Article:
The subject matter of this piece is similar to that of Still Life With Bible: there are apples on display in front of a table with various books on top of it; however, unlike other paintings where apples stand out from their surroundings (e.g., “Sunflowers”), here we see them simply sitting there quietly under glass or pottery containers filled with brown liquid (perhaps tea). They’re surrounded by flowers that appear slightly darker than those used elsewhere in his paintings but are still quite bright against all those dark tones around them.
Still-Life With Onions (1885) [A Drawing]
The painting of still life with onions symbolizes sadness and grief in the Bible. This scenario refers to the story of Jonah and his three friends who wanted to go on a mission but could not because they were afraid of what might happen if they went out into the ocean (Jonah 1:6).
However, onions are also a symbol of solidarity during times of revolution, such as in France during the French Revolution when people used them as tokens for their groups or organizations.
For example, there were two groups: those who supported Robespierre (the leader) and those who did not support him but supported Danton (another leader). Each group would wear an onion on their hats as part of this showy display so that everyone could see where each person stood on issues like freedom versus tyranny. This kind of thing often happened back then because it was important for people not just to talk about things abstractly but act upon them–which means doing something concrete rather than just talking about them all day long without ever taking action yourself!
Another reason these vegetables have become so popular over time may be due to their symbolism associated with wealth/prosperity–especially since many cultures consider these foods tasty treats, which bring happiness into our lives every day if consumed regularly enough.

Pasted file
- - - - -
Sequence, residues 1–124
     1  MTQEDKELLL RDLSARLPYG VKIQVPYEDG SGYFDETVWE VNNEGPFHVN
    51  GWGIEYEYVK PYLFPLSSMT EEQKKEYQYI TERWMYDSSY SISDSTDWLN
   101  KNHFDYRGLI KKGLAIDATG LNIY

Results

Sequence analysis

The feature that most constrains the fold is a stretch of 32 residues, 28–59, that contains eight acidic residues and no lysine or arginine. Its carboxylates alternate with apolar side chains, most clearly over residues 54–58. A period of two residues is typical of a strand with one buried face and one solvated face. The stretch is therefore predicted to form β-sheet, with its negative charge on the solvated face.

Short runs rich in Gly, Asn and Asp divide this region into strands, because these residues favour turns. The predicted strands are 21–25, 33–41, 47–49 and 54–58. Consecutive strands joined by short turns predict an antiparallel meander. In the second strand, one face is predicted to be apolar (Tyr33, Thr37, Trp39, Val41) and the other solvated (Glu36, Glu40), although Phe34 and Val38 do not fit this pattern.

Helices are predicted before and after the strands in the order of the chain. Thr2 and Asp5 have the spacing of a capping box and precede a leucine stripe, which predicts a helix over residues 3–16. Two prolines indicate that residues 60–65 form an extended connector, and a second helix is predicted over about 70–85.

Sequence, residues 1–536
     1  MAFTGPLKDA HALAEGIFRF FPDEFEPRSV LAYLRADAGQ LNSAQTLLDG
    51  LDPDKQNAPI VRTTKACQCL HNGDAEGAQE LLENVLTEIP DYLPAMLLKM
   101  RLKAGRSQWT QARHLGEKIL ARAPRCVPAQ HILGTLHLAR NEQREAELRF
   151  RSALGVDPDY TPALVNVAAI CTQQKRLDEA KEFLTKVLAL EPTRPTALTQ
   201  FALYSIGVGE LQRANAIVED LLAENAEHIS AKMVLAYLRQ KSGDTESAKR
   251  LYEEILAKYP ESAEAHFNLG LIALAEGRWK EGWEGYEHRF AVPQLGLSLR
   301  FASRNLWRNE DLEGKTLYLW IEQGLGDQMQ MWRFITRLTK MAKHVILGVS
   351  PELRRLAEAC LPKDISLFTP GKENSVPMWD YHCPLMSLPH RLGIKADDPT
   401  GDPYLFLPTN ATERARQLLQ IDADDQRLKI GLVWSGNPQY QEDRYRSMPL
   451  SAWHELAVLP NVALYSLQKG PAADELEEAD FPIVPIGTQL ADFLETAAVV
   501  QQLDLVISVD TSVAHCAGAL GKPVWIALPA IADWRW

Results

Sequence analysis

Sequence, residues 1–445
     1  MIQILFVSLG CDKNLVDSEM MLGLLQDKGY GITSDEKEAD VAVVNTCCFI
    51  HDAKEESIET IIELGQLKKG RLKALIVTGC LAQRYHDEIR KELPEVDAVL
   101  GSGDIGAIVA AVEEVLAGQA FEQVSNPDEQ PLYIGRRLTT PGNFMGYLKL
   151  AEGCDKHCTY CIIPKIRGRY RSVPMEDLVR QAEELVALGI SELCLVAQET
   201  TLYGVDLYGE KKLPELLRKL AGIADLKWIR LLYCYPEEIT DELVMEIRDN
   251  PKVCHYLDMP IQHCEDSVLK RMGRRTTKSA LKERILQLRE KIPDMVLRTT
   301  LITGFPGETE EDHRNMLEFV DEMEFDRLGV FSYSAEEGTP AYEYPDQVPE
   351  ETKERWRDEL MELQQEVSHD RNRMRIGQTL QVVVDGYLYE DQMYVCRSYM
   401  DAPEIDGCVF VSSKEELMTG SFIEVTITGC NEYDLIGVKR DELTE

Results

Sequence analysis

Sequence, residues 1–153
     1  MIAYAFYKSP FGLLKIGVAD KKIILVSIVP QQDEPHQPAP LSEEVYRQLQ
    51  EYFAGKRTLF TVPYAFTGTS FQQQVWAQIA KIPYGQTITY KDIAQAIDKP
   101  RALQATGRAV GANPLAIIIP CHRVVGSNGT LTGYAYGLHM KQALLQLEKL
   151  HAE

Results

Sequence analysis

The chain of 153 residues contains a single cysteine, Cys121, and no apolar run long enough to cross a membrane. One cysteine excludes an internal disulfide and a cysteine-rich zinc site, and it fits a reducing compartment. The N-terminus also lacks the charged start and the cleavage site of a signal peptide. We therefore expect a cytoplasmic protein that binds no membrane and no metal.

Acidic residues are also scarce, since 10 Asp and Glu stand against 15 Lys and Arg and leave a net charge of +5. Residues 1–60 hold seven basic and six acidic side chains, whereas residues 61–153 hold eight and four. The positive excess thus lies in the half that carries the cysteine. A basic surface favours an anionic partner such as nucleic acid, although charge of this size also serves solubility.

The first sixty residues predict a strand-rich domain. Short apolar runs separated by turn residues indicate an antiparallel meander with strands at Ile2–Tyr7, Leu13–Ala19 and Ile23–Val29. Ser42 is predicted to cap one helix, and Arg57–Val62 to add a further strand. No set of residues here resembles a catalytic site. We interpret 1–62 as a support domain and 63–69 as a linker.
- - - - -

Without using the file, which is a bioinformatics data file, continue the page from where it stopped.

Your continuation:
L’Arlesienne [Madame Ginoux] (1888)
This oil painting of Madame Ginoux, an actress who lived in Arles and befriended Van Gogh during his time there, was made after he had a breakdown. The woman is depicted as if she were sitting on the ground with her back to us; this gives us a sense of how far she is above us.
She has long hair that hangs down her back and a large hat covering most of her face. She sits with legs crossed at the ankles, holding onto an umbrella and reading from a book (which may be part of what makes this scene so unsettling). She’s lost in thought about something—perhaps about life? Or maybe about something else entirely?
In any case, there’s something wrong with this woman: she seems lost in thought rather than happy or sad (though perhaps both), which could indicate depression or mental illness brought on by stress due to living conditions at home or abroad.
Starry Night, perhaps, the most famous Vincent Van Gogh artwork is not included in this list as it came a little later when he was already considered an established artist. Van Gogh had a fascination for the surrounding world.
His work was very personal, and he painted from nature, memory, imagination, and dreams. He painted from his heart as well as from life experiences he had experienced in Paris and The Netherlands. He saw things very differently than other artists of his time; they did not see things as realistic as Vincent did when creating his masterpieces.